Hirsutism: Strategies for unwanted female hair growth

Hirsutism: Strategies for unwanted female hair growth

At Sure Hair International we are involved in helping clients regrow their hair. In this blog we will look at the opposite situation: how to deal with unwanted female hair growth.

Hirsutism is the appearance of male-patterned hair growth such as beards as well as chest and back hair in females. It affects between 5 – 15% of women, and in most cases is believed to be the result of higher-than-normal levels of male hormones referred to as androgens (1–4). This is why it is important for hirsuate women to seek professional consultation, as there may be additional underlying issues. Nonetheless there are a variety of treatment options available and a recent article has analyzed both the efficacy and potential for side-effects of each. Use of drugs to suppress or block the excess androgens as well as very low calorie diets were among the therapies investigated.

Oral Contraceptive Pills

As a method of hormone suppression, oral contraceptives are used in mild cases as a first-line treatment, and may be combined with  androgen blockers after 6 months if required (5,6). Multiple types of oral contraceptives were evaluated and were found to be equally effective (7).  Combining oral contraceptives with additional therapies such as cyproterone acetate was believed to boost results versus oral contraceptives alone (7).

Flutamide and Spironolactone

Flutamide and spironolactone are examples of androgen blockers and are generally used in more severe cases. Flutamide and spironolactone treatment were shown to produce similar results (7). Use of flutamide led to reports of breast tenderness and dry skin while some spironolactone-users  reported irregular bleeding (7).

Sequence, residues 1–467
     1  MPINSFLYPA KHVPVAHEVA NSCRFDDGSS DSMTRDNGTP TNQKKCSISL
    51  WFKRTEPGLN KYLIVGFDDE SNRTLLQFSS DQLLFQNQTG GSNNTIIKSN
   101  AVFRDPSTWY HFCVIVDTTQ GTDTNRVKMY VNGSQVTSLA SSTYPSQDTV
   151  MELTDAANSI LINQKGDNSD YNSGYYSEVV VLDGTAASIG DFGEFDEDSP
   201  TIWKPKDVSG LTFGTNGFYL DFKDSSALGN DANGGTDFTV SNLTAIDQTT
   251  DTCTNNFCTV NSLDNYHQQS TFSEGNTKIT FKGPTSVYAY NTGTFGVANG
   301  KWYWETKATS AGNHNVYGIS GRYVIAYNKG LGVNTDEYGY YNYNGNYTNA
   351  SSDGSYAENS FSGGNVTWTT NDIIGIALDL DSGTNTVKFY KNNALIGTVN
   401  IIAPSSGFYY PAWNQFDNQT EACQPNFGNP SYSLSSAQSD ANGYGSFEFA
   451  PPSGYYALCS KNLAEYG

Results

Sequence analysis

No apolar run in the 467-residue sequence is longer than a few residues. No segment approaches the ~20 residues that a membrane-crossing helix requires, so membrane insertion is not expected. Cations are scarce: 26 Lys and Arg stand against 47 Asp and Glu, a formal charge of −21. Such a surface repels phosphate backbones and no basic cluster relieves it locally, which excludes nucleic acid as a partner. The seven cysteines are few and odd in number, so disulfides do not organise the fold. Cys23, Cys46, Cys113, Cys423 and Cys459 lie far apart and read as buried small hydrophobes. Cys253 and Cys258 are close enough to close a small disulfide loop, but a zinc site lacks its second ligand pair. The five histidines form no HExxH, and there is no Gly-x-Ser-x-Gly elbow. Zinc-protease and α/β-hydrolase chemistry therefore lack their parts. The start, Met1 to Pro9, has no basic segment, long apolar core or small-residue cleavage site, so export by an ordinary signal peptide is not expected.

Finasteride and Gonadotropin-Releasing Analogues   

Finasteride and gonadotropin-releasing analogues are more examples of drugs designed to block or suppress the actions of the unwanted androgens. They were both shown to have some success for this purpose but results were inconsistent (7). Finasteride use resulted in reports of breast tenderness and dry skin while hot flushes and headaches were related to gonadotropin-releasing analogue use (7).

Very Low Calorie Diets

As weight and insulin sensitivity can be linked to hirsutism, very low calorie diets were investigated but did not improve the condition (7). They did however lower body mass index (BMI)(7).

Cosmetic Procedures

Cosmetic procedures such as waxing, shaving, bleaching and chemical depilation can be useful for removing previously established hair until treatment has taken effect.  More permanent options such as electrology (electrolysis) or laser hair removal are sometimes recommended for any growth still present after 6-12 months of hormone therapy (8).

Overall, multiple methods for treatment are available. Depending on the severity of the disease, a specialist can help determine the best option for each individual case, or even combine several strategies for faster, more effective results.

Article by: Dr. J.L. Carviel, Mediprobe Research Inc.

References

  1. Ferriman D, Gallwey JD. Clinical assessment of body hair growth in women. J Clin Endocrinol Metab. 1961 Nov;21:1440–7.
  2. Mcknight E. THE PREVALENCE OF “HIRSUTISM” IN YOUNG WOMEN. Lancet Lond Engl. 1964 Feb 22;1(7330):410–3.
  3. Hartz AJ, Barboriak PN, Wong A, Katayama KP, Rimm AA. The association of obesity with infertility and related menstural abnormalities in women. Int J Obes. 1979;3(1):57–73.
  4. Knochenhauer ES, Key TJ, Kahsar-Miller M, Waggoner W, Boots LR, Azziz R. Prevalence of the polycystic ovary syndrome in unselected black and white women of the southeastern United States: a prospective study. J Clin Endocrinol Metab. 1998 Sep;83(9):3078–82.
  5. Martin KA, Chang RJ, Ehrmann DA, Ibanez L, Lobo RA, Rosenfield RL, et al. Evaluation and treatment of hirsutism in premenopausal women: an endocrine society clinical practice guideline. J Clin Endocrinol Metab. 2008 Apr;93(4):1105–20.
  6. Legro RS, Arslanian SA, Ehrmann DA, Hoeger KM, Murad MH, Pasquali R, et al., Endocrine Society. Diagnosis and treatment of polycystic ovary syndrome: an Endocrine Society clinical practice guideline. J Clin Endocrinol Metab. 2013 Dec;98(12):4565–92.
  7. Van Zuuren EJ, Fedorowicz Z. Interventions for Hirsutism. JAMA. 2015 Nov 3;314(17):1863–4.
  8. Azziz R. The evaluation and management of hirsutism. Obstet Gynecol. 2003 May;101(5 Pt 1):995–1007.

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